D.C. charter board bids adieu to executive director Scott Pearson with total class

When I reviewed the agenda for Monday evening’s monthly meeting of the DC Public Charter School Board, I remember thinking that the session was a waste of time. The items for discussion were so few that I thought the authorizer should take the night off. But then I tuned in and quickly realized why this gathering was taking place.

It turned out that the PCSB had put together a highly organized celebration of the eight and a half years that Scott Pearson has held the role of executive director. On Zoom, speaker after speaker, over a span of about an hour and 10 minutes, sung Mr. Pearson’s praises about his achievements. The list of participants perfectly represented the history of the spectacular success of charter schools in the nation’s capital. Mr. Pearson observed the event with his wife sitting closely on one side of him and his daughter on the other. Allow me to list the speakers in order of appearance so you get an idea of the magnitude of this endeavor:

Rick Cruz, PCSB chair; Saba Bireda, PCSB vice chair; Steve Bumbaugh, PCSB board member; Lea Crusey, PCSB board member; Naomi Shelton, PCSB board member; Jim Sandman, PCSB board member; Sara Mead, former PCSB board member; Skip McKoy, former PCSB chair; Don Soifer, former PCSB board member; Shannon Hodge, DC Charter School Alliance executive director; Maya Martin, PAVE founder and executive director; Terry Golden, KIPP DC PCS chair; Jack Patterson, KIPP DC chief community engagement and growth officer; Abigail Smith, former DC Deputy Mayor for Education and E.L Haynes PCS chair; Erika Bryant, Elsie Whitlow Stokes Community Freedom PCS executive director; Laura Maestas, DC Prep PCS chief executive officer; Daniela Anello, DC Bilingual PCS head of school; and Naomi Rubin DeVeaux, former PCSB deputy director.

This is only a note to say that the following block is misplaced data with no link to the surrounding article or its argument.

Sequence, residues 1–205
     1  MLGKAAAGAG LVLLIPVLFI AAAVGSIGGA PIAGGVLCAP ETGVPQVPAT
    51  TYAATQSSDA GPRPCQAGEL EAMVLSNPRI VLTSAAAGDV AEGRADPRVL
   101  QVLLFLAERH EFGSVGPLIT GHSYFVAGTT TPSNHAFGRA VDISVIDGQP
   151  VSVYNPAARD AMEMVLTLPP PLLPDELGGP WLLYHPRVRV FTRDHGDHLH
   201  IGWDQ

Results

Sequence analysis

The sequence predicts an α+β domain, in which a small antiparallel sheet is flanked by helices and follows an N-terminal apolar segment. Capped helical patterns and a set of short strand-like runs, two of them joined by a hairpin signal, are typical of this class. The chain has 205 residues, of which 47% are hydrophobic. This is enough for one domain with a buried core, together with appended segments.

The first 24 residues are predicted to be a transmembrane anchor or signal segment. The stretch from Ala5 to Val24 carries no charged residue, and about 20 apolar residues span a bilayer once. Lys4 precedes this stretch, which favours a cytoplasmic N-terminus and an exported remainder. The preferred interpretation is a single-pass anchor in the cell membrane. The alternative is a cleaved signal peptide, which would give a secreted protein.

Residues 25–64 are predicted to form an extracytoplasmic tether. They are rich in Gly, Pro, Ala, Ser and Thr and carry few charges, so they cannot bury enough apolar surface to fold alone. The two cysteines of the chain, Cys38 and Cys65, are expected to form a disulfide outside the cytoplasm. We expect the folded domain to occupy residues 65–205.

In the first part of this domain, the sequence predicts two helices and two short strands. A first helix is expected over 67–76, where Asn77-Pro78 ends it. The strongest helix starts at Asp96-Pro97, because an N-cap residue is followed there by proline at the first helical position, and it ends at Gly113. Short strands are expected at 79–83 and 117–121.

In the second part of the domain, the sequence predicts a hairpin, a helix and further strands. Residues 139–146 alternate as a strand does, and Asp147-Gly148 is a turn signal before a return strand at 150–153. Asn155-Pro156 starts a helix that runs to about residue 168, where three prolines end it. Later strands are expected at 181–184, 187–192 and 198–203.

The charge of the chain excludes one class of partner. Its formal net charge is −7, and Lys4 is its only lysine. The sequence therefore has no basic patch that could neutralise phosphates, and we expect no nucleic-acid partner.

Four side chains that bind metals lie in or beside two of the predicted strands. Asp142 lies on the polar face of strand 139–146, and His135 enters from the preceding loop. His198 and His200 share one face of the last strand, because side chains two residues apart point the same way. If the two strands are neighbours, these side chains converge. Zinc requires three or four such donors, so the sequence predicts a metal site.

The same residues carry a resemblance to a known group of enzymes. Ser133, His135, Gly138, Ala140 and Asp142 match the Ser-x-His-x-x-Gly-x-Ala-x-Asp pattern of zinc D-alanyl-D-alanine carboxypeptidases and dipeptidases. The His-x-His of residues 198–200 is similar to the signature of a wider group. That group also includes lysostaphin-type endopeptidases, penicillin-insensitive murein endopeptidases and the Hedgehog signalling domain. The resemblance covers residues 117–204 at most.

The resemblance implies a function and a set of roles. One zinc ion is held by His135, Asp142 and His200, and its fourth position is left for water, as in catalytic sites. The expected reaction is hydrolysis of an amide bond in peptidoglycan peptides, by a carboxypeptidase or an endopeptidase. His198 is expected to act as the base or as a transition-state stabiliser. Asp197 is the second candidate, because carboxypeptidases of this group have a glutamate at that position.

All of the speeches powerfully and meticulously detailed the contributions Mr. Pearson has made to the education of all children in the District of Columbia. However, as with many board meetings, it was Mr. Sandman who I believe best summarized the reasons many are deeply disappointed that there is a change in leadership at the PCSB. He stated that Mr. Pearson had four main accomplishments. Mr. Sandman recognized the former executive director for his single minded focus on school quality, his implementation of measures of quality and policies around the PCSB’s work, the recruitment of world-class staff, and his personal integrity.

Once Ms. DeVeaux concluded her remarks, which, despite a heroic effort she could not get though without crying, it was Mr. Pearson’s turn to address the audience. He and his wife followed in the former PCSB deputy director’s footsteps in that I could see tears streaming down their faces. Mr. Person’s words should stand as a permanent testament to the meaning of charter schools in the United States of America:

“’This job has been the most rewarding professional experience of my life.